From the sports desk: When will sexism end in sports?

Back to Article
Back to Article

From the sports desk: When will sexism end in sports?

Hang on for a minute...we're trying to find some more stories you might like.


Email This Story






Sexism has plagued society for as long as anyone can remember, but there is no place more unequal for women than the sports world. Mention the idea of women’s sports, and the response you will most likely receive is “nobody cares about women’s sports.” Not only are women paid less than male athletes, they are also misrepresented on a broader scale. For instance, how many women sports analysts are on TV? I am not talking about the women who have to chase down players to get a post-game interview, I am talking about the actual analysts who break down the games at halftime. Anybody can stand on the sideline and ask athletes questions that were most likely written by a group of men, and then passed along to the female reporter – so why are women’s critiques of the game not welcomed?

Even in women’s sports, many of the analysts are men. If women are not “qualified” to speak about men’s sports, then why do men like Alexi Lalas appear on the U.S. Women’s Soccer halftime report? The 2016 NCAA Men’s Basketball tournament was the first time I had ever seen a female sports analyst on the halftime show; needless to say, I was stunned. Of course, it was a round-of-64 game that did not bust a thousand brackets, but it was a step in the right direction.

The most appalling event that occurred during the 2016 Women’s NCAA Tournament was that instead of covering the games, ESPN was covering WWE Raw. Wrestling is not even a sport, as the WWE is staged, in terms of creating storylines and already having the winner decided before the wrestlers enter the ring. How does anyone expect women’s sports to get more viewers when major sports networks cannot even give the games airtime? Women’s sports have the odds stacked against them, and, especially in 2016, this is unacceptable.

There has also been recent conversation about the U.S Women’s Soccer Team suing U.S. National Soccer for wage discrimination. The players involved include stars like Hope Solo, Carli Lloyd and Alex Morgan, and they are suing because, although women’s soccer generated over $20 million more than the men’s team, the women are paid roughly a quarter of what the men make. How is it that a team that won the Women’s World Cup could be paid so much less because of their sex? How can the sports world degrade the talent of the women’s team when they are clearly the breadwinners? This, of course, is not the only instance of wage discrimination, nor is it limited to athletes, as women everywhere are fighting to be paid for the same amount as their male counterparts.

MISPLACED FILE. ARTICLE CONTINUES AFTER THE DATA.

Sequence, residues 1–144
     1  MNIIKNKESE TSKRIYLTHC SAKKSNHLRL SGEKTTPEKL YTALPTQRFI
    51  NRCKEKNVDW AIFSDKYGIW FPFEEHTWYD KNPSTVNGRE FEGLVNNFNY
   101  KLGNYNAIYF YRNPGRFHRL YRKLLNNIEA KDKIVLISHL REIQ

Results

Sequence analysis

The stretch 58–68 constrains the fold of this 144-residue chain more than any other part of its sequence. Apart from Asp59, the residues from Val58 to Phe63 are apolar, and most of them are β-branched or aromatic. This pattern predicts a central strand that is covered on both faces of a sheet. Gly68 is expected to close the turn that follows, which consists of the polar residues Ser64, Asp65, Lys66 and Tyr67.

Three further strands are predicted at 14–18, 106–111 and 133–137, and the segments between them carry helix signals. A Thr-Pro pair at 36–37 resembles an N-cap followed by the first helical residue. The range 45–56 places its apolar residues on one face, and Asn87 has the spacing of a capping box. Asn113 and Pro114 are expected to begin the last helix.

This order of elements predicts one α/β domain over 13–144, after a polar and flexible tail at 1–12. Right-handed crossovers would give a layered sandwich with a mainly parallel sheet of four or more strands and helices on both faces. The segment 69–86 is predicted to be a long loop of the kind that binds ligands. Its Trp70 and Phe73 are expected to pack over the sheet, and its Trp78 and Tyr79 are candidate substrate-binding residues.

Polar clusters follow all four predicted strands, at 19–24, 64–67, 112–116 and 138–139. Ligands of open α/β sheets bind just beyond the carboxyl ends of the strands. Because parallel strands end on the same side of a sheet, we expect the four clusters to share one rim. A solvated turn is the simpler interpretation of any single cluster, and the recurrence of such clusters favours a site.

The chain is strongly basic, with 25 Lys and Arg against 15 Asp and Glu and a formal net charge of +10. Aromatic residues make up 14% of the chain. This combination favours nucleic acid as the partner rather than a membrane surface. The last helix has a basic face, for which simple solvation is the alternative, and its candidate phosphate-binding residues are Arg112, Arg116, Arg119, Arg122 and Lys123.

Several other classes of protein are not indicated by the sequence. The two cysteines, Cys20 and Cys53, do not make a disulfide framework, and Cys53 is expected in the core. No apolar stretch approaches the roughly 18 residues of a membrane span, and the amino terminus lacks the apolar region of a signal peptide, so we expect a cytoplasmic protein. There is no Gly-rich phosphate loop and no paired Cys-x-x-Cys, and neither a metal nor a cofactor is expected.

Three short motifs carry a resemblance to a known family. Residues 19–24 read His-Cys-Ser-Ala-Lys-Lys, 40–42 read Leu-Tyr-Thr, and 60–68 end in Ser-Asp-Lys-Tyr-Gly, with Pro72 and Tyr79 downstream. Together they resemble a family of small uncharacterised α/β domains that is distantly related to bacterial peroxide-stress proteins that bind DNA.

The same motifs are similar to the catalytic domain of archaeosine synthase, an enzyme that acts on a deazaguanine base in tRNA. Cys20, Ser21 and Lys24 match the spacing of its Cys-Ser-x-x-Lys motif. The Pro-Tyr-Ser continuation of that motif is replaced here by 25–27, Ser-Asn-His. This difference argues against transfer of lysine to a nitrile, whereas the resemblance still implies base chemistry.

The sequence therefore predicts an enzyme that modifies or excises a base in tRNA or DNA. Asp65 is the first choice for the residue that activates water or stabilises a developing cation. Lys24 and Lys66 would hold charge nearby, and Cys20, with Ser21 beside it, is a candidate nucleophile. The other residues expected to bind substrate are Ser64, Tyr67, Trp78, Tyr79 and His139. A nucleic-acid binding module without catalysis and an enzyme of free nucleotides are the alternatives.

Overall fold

Not only is there wage discrimination, there is also image discrimination. How many times is Serena Williams going to be told that she looks like a man before we realize that only women are criticized for their body image? When was the last time you heard someone call Pablo Sandoval fat? This is because women are expected to not only live up to the athletic expectations of men, but are supposed to do so while maintaining their “feminine figure.”

If it is not a female athlete’s talent under fire, then criticizers turn to the “flaws” in her body image. Women are constantly being sexualized. Players like Abby Wambach have been criticized for their short hair in that they do not look as feminine as other players, such as Alex Morgan. It is also sad that even when someone does mention Alex Morgan, it is normally because of her looks, rather than her skills. I have never heard anyone mention LeBron James’ looks without first mentioning his basketball skills. This double standard of women being expected to look feminine as well as be talented players in order to earn any sort of status in a male-dominated sports world is blasphemy.

If anyone believes that this sexism does not occur outside of professional sports, they are wrong. These concepts can be easily applied to Saint Louis University Athletics. For instance, why does the men’s basketball team receive more coverage by FOX Midwest than the women’s? The women had a significantly better season than the men’s team, even getting a bid in the WNIT, yet they do not receive the same resources as the men’s team.

Also, why is it so much harder to get fans to attend women’s games compared to men’s? I don’t see the men’s soccer or basketball teams handbilling on West Pine in order to encourage people to attend their games. Of course they don’t, because female athletes have to encourage people to be attend their games because, remember, “nobody cares about women’s sports.”

It’s about time the sports world became equal. There is no reason why that in 2016, female athletes are paid significantly less than men. There is no defense for the criticism they receive based on body image. Sex should not be the deciding factor because, after all, the foundation that sports is built on consists of talent, skills and work ethic, yet the sports world is not holding to this standard.